Bentley using music to boost economy
By Kollin Lore
An emphasis on the music industry, spearheaded by London-West MPP Chris Bentley, may lead to a boost in London’s economy.
“Economies throughout North America, even the world, that are thriving [and] positioning themselves for the jobs of the future are invariably ones which have a thriving arts [and] music culture,” said Bentley.
Graham Henderson, president of Music Canada, emphasized in a speech at the London Music Club last week that the city could become more like “the live music capital of the world.”
“Austin, Texas, is a place that a decade ago really didn’t have much of an industry,” said Bentley. “They developed a strategic plan, nurtured the industry, grew it so that it’ s now responsible for tens of millions of dollars of revenue in taxes to the city, thousands of jobs, and billions of dollars in economic spin-off.”
Bentley said the following steps should include an inventory analysis – noting who and what is in the city – and networking events supporting the music industry, along with marketing.
According to Amy Terril, vice-president of public affairs for Music Canada, “the recording industry in Canada is worth $400 million, and 81 per cent of that is happening in Ontario.”
London is just a cluster in this hot pot.
Ted Peacock, Secretary Treasurer for the London Music Association, said the city’s biggest need is working with the existing infrastructure in the city, including improving smaller and mid-sized venues, which could in turn, help attract tourists.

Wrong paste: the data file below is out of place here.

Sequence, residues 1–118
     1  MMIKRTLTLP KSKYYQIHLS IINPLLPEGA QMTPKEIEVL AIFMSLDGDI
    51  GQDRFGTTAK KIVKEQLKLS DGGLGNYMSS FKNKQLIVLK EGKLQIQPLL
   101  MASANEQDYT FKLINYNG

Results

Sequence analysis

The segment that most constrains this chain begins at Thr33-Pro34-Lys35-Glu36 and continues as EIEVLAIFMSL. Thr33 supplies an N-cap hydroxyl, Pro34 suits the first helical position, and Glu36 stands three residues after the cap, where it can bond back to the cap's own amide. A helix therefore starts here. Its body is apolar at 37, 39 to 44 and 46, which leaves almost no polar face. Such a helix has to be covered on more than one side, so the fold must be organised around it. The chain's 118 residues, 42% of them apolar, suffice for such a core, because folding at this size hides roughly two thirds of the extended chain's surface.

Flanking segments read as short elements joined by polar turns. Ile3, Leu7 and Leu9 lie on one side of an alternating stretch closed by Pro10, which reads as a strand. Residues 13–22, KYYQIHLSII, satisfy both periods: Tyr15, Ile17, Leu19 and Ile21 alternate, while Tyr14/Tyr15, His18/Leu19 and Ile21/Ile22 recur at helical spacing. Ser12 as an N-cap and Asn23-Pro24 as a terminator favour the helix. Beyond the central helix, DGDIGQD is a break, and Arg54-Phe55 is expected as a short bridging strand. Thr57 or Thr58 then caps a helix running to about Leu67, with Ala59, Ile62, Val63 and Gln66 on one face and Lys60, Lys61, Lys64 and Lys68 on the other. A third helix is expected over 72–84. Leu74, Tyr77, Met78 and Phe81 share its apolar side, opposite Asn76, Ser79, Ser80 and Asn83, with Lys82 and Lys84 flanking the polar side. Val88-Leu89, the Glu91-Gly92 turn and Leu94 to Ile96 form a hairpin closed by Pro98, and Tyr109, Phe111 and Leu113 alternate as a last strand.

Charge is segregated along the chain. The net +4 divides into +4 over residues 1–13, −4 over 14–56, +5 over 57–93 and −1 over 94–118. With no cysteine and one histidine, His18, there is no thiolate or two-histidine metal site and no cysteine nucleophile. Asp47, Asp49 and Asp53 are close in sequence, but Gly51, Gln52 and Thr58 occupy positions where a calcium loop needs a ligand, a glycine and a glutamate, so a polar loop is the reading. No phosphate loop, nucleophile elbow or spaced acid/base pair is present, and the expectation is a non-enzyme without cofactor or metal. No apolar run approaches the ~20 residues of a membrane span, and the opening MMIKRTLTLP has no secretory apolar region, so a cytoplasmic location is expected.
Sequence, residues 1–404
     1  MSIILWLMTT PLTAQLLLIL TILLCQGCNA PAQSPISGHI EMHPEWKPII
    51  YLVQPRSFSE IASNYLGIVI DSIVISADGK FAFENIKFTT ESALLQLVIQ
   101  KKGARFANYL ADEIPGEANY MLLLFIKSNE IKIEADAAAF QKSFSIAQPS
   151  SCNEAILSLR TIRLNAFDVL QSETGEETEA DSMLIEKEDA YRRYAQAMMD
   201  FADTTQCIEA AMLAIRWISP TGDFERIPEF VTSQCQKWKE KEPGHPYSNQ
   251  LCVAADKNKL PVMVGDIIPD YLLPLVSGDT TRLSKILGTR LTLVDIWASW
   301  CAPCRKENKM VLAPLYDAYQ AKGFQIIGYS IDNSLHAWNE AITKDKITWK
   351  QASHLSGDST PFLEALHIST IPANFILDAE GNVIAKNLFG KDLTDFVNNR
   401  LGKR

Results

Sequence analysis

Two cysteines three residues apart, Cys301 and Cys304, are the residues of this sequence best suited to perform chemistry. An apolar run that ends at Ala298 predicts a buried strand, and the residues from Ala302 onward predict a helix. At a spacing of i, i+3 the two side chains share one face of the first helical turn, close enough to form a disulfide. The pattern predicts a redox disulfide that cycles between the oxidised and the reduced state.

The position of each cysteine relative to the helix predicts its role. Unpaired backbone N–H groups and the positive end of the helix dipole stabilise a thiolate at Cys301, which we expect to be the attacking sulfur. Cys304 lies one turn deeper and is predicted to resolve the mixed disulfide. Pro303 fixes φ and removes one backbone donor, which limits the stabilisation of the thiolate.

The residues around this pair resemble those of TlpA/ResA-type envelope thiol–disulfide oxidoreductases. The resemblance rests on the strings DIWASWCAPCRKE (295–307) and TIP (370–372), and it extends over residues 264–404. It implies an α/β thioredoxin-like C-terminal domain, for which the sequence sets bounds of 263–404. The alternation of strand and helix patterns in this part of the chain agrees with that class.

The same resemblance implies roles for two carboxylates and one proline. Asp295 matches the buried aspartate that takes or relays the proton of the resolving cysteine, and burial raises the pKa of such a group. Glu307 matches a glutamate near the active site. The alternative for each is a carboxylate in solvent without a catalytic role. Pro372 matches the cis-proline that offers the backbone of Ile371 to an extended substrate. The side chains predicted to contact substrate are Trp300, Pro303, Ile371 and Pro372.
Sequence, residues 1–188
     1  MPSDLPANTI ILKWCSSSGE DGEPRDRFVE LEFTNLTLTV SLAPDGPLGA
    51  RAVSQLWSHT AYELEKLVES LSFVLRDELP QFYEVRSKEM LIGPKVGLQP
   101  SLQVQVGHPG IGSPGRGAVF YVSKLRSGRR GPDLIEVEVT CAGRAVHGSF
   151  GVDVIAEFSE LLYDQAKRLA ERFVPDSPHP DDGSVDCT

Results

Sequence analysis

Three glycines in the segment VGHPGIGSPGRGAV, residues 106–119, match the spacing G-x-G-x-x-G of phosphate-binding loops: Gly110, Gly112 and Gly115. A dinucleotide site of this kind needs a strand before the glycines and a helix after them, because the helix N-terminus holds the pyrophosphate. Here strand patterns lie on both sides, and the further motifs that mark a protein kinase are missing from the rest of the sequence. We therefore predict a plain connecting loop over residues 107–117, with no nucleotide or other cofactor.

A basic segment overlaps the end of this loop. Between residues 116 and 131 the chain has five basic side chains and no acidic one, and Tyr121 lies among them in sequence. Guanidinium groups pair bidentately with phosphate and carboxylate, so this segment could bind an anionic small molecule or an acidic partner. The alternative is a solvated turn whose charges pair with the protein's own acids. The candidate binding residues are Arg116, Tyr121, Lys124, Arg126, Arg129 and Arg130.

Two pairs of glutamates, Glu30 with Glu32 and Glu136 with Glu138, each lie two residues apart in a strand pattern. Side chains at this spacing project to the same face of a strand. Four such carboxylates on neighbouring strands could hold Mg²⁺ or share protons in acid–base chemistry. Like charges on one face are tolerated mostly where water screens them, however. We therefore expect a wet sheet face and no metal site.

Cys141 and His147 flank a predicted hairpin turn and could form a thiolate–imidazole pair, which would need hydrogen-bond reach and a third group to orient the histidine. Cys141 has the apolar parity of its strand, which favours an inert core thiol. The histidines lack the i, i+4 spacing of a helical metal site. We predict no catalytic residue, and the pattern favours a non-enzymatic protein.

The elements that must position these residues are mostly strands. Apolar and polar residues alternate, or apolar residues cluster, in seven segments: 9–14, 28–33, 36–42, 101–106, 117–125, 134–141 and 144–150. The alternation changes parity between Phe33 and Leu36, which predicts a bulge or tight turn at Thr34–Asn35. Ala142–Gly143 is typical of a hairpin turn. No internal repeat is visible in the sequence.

“People travel all over North America to good music festivals,” said Peacock. “We have a number in Ontario, the question is – can there be even more?”
Real estate is another benefit from an increased emphasis on the music industry, as people are naturally drawn to live in or near artistic communities.
One city in Canada, which has seen a boost in its economy due to a shift to a music driven culture, is Halifax.
Scott Long is the executive director of the Halifax Music Association.
“Neighbourhoods with high levels of cultural assets are more likely to experience improvement in real estate markets, where groups of creative people live,” said Long.
According to Terril, there are 2600 jobs in independent and major labels in Ontario alone, not including artists, musicians, retail and the live industry.
A push for a more music-driven culture can improve an economy on different levels, and work will be underway in London to add to the provinces thriving music culture.
“There are two networking events we are setting up right now,” said Bentley. “This is rolling – this is not just a thought, and gosh, who knows, before you know it we may be bigger than Toronto.”